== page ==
Guide students through their study of dinosaurs with these articles, lesson plans, online learning activities, and writing assignments.
Fantastic Dinosaur Finds: A Timeline
Trace historic discoveries that helped us build our knowledge about dinosaurs.
Adapted from Dinosaurs: The Very Latest Information and Hands-On Activities From the Museum of the Rockies, by Liza Charlesworth and Bonnie Sachatello-Sawyer. A Scholastic Professional Book.
1822: Mary Ann Mantell finds "Iguanodon" teeth in England. Her husband, Dr. Gideon Mantell publishes his description of them.
1841: Richard Owen coins the term "dinosaur."
1855: Ferdinand Hayden discovers the first dinosaur remains in the United States.
1858: The first dinosaur skeleton, "Hadrosaurus," is excavated in the United States and described by Joseph Leidy.
1890: Othniel Marsh and Edward Cope unearth 136 new species of dinosaurs in the Rocky Mountain region of the United states.
1902: Barnum Brown uncovers the first "Tyrannosaurs rex" specimen in Montana.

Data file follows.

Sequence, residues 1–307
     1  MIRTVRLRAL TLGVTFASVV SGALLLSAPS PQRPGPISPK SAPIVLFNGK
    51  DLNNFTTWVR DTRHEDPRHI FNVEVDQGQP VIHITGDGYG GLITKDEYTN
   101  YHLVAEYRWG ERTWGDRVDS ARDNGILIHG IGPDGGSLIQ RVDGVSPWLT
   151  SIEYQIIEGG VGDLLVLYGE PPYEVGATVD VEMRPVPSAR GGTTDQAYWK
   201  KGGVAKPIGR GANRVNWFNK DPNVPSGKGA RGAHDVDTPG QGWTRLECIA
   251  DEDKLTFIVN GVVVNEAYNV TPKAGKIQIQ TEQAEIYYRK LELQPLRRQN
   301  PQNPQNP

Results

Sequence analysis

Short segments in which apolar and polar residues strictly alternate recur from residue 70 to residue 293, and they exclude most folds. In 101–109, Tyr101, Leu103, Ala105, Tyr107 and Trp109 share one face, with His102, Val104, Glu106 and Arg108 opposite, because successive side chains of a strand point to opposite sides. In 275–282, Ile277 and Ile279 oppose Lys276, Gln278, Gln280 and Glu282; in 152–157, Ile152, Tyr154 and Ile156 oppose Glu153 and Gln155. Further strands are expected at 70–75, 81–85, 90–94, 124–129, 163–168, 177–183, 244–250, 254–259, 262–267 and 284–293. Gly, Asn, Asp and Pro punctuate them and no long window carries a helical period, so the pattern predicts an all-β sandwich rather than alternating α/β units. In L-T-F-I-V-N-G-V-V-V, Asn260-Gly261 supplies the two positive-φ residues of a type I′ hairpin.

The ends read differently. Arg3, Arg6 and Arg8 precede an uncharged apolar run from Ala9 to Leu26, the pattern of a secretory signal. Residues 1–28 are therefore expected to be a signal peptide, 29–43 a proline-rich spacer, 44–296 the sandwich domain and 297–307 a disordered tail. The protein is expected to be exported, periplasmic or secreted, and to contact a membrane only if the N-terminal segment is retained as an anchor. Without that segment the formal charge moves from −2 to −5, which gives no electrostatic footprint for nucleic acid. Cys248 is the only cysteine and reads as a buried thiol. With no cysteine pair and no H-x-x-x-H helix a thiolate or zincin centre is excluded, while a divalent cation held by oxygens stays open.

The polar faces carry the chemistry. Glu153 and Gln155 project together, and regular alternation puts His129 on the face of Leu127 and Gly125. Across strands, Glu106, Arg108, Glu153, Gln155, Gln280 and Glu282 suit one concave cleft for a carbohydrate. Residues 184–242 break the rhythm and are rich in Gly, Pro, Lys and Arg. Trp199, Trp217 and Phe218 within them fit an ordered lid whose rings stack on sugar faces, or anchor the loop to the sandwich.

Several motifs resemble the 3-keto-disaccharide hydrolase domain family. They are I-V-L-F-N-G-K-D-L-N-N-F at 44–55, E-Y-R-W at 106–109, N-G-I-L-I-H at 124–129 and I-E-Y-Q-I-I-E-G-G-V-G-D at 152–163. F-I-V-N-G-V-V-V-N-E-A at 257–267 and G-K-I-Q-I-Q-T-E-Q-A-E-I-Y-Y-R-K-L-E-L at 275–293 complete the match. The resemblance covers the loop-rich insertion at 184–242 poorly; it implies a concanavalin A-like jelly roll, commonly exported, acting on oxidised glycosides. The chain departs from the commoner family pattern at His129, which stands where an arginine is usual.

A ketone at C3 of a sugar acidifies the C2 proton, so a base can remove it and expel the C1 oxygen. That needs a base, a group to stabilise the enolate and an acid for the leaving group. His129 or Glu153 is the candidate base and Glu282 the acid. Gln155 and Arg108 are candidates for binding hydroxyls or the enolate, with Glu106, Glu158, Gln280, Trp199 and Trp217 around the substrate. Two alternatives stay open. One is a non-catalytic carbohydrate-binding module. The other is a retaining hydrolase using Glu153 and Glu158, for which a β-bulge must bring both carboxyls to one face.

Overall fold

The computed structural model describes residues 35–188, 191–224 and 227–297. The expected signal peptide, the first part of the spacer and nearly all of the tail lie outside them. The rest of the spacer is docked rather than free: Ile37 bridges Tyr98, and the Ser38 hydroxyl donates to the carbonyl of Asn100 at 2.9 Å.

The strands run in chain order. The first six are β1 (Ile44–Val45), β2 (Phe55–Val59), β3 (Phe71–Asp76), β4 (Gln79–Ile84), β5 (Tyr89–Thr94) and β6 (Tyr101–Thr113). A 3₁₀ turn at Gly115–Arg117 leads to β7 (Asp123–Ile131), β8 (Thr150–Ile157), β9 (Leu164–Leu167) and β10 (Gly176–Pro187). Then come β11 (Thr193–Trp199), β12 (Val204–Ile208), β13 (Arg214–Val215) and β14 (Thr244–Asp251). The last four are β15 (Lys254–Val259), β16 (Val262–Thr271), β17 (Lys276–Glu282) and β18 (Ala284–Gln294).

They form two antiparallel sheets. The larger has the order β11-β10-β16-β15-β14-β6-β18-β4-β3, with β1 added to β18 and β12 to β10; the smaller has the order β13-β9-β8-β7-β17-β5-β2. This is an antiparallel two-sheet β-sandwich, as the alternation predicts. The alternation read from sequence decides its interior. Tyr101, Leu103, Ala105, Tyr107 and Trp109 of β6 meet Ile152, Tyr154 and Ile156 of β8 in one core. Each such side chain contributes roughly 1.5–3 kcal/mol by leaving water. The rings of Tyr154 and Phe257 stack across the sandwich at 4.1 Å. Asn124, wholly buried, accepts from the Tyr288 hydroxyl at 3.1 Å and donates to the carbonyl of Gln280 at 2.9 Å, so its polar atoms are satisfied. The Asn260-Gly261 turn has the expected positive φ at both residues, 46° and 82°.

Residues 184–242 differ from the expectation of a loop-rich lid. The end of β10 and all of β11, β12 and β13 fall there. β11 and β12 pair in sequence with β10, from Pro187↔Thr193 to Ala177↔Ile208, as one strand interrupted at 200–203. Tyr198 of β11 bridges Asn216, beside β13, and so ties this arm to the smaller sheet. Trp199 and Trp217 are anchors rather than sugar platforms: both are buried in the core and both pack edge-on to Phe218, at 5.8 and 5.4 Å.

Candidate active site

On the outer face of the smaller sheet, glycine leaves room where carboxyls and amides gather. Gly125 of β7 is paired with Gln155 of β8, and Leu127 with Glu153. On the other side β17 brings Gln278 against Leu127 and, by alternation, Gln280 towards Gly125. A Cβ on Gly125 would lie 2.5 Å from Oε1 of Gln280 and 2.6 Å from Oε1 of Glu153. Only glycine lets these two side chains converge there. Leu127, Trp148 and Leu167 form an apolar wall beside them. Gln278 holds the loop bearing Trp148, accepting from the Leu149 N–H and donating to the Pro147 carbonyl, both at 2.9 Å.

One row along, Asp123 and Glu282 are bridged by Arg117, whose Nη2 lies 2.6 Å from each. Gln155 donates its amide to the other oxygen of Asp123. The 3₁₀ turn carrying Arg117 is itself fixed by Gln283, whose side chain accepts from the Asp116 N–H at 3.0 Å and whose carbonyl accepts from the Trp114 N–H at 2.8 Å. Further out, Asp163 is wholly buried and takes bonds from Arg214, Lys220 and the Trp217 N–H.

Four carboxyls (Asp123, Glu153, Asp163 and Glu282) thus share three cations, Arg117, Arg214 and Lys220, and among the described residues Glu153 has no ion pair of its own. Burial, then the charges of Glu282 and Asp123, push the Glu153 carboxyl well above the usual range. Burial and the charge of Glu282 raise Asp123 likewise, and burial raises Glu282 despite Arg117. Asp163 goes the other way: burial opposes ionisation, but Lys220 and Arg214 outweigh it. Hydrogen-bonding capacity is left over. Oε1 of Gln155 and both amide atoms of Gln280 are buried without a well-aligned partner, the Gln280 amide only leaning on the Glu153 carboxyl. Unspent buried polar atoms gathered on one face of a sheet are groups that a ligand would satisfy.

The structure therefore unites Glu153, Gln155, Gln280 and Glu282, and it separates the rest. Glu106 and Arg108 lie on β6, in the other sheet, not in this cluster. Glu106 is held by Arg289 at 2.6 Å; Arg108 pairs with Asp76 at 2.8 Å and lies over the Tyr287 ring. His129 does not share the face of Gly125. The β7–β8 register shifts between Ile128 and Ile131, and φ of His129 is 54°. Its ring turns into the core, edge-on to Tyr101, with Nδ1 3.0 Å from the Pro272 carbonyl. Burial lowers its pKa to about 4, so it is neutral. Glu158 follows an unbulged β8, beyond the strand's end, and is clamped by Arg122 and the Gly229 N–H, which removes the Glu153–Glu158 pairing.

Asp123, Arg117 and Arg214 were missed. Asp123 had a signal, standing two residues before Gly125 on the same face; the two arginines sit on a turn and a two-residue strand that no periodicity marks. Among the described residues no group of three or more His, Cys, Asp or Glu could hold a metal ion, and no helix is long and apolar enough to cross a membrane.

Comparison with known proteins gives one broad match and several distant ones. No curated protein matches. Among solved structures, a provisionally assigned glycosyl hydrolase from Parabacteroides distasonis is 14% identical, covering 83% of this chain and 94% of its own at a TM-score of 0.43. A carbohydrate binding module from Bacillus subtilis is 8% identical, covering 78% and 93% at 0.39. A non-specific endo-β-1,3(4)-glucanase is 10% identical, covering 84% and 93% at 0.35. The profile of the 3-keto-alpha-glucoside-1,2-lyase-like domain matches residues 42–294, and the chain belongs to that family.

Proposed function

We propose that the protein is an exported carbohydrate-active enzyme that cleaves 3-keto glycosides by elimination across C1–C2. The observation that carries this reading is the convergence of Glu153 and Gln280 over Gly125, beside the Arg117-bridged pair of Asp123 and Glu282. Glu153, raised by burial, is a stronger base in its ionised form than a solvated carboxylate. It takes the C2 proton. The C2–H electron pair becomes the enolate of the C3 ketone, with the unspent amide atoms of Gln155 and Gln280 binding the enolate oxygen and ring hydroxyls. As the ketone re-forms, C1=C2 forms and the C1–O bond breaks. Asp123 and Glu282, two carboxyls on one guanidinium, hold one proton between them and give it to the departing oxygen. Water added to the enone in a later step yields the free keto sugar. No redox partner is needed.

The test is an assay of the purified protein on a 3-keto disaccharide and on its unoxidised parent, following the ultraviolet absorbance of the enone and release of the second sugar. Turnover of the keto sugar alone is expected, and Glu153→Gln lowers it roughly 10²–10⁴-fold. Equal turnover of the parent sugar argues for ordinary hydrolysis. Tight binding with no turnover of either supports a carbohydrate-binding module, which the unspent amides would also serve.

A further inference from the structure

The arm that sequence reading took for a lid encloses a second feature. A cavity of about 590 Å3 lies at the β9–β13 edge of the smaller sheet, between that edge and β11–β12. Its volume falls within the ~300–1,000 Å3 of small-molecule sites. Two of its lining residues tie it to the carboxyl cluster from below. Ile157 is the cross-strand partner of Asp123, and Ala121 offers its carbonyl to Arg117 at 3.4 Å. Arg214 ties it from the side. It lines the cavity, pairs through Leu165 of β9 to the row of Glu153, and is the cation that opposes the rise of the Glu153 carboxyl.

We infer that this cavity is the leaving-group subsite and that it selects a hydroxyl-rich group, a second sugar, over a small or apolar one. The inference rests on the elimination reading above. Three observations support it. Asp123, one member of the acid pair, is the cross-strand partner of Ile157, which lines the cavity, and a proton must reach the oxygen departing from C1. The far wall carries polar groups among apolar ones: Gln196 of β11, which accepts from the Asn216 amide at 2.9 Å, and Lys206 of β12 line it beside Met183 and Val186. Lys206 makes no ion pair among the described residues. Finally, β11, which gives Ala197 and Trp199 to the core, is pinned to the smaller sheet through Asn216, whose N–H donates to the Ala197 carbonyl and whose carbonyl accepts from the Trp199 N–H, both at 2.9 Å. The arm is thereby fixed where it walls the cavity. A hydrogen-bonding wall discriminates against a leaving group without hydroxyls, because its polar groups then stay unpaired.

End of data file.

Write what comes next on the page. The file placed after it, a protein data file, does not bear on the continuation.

1909: Earl Douglass discovers the fossil-rich rocks that are now Dinosaur National Monument.
1922: Roy Chapman Andrews finds the first dinosaur eggs and nest ever uncovered, in the Gobi Desert.
John Ostrom describes "Deinonychus" as an active and agile animal and suggests that birds are related to dinosaurs.
Dinosaurs are proven to have rigid tails that did not drag on the ground.
Research of thin sections of dinosaur bones suggests warm-bloodedness.
Bob Bakker and Peter Galton suggest birds and dinosaurs should be classified together as "Dinosauria."
Jack Horner and Bob Makela determine that some dinosaurs cared for their young.
"Seismosaurus" is uncovered in New Mexico by David Gillette.
Paul Serreno discovers some of the earliest-known dinosaurs.
Dinosaur fossils are found in Antarctica.